Chevron, one of the biggest foreign investors here, supplies half Bangladesh's natural gas needs, while ConocoPhillips is exploring for gas in the deep waters of the Bay of Bengal.
Delwar Hossain, head of the Department of International Relations at Dhaka University, said Clinton's visit could be a milestone for Bangladesh.
"If Bangladesh can get duty free access of garment products and push for a better relationship for future security cooperation, that will be a big achievement," he said.
Clinton is also expected to raise the issue of Nobel Peace Laureate Muhammad Yunus' ouster from his Grameen Bank, which pioneered providing small loans to the poor. The government said the 71-year-old Yunus, a friend of the Clinton family, was well past the retirement age of 60 and forced him out last year.
As he fought unsuccessfully to keep his job, Yunus spoke to Clinton on the phone and later met with her in Washington to discuss the future of Bangladeshi civil society, according to the State Department.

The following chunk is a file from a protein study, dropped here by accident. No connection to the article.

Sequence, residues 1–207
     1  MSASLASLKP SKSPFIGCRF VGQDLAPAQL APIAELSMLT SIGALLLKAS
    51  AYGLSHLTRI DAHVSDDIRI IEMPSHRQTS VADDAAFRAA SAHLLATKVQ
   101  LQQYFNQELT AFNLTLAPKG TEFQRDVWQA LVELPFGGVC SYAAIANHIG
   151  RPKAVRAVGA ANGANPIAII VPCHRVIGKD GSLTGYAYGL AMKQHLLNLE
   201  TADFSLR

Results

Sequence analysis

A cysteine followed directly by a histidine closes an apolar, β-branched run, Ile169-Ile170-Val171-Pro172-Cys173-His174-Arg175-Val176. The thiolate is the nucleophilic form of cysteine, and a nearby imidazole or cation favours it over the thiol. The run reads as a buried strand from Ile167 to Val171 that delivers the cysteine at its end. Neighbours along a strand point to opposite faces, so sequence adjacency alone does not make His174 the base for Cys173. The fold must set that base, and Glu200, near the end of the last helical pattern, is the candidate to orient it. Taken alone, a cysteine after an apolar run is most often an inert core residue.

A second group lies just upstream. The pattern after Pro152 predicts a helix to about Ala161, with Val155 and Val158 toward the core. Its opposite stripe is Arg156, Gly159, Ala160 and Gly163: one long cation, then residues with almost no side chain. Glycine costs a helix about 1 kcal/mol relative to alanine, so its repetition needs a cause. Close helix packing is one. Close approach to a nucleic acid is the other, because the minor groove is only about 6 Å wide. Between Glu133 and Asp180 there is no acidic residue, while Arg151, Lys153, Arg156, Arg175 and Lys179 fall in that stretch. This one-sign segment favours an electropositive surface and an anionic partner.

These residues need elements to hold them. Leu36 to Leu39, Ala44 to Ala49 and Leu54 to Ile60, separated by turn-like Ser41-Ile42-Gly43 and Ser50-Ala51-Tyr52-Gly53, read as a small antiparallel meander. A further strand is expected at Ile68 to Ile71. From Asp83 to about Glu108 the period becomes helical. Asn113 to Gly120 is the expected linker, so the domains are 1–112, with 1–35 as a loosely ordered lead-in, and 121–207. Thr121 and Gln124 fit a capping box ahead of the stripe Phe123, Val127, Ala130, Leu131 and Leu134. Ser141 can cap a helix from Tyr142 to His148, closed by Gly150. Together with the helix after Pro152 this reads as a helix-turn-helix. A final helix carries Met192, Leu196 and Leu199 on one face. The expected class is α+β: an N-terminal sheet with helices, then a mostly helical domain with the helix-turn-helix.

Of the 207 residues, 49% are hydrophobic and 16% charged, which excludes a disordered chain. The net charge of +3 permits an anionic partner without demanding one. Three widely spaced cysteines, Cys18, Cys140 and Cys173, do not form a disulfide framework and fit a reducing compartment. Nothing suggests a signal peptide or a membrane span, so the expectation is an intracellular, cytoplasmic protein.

Yunus' allies said the ouster was political and pointed to Hasina's anger at his 2007 effort to form a political party backed by the powerful army when the country was under a state of emergency and Hasina herself was behind bars.
Bangladesh is also seeking the repatriation of Rashed Chowdhury, who is facing a death sentence for his role in the 1975 assassination of independence leader Sheikh Mujibur Rahman, Hasina's father, during a military coup. The government says he lives in the United States, and the two nations have no extradition treaty.
As Bangladesh modernizes its military, the U.S. also is trying to persuade it to buy military surplus from Washington instead of weapons from China and Russia.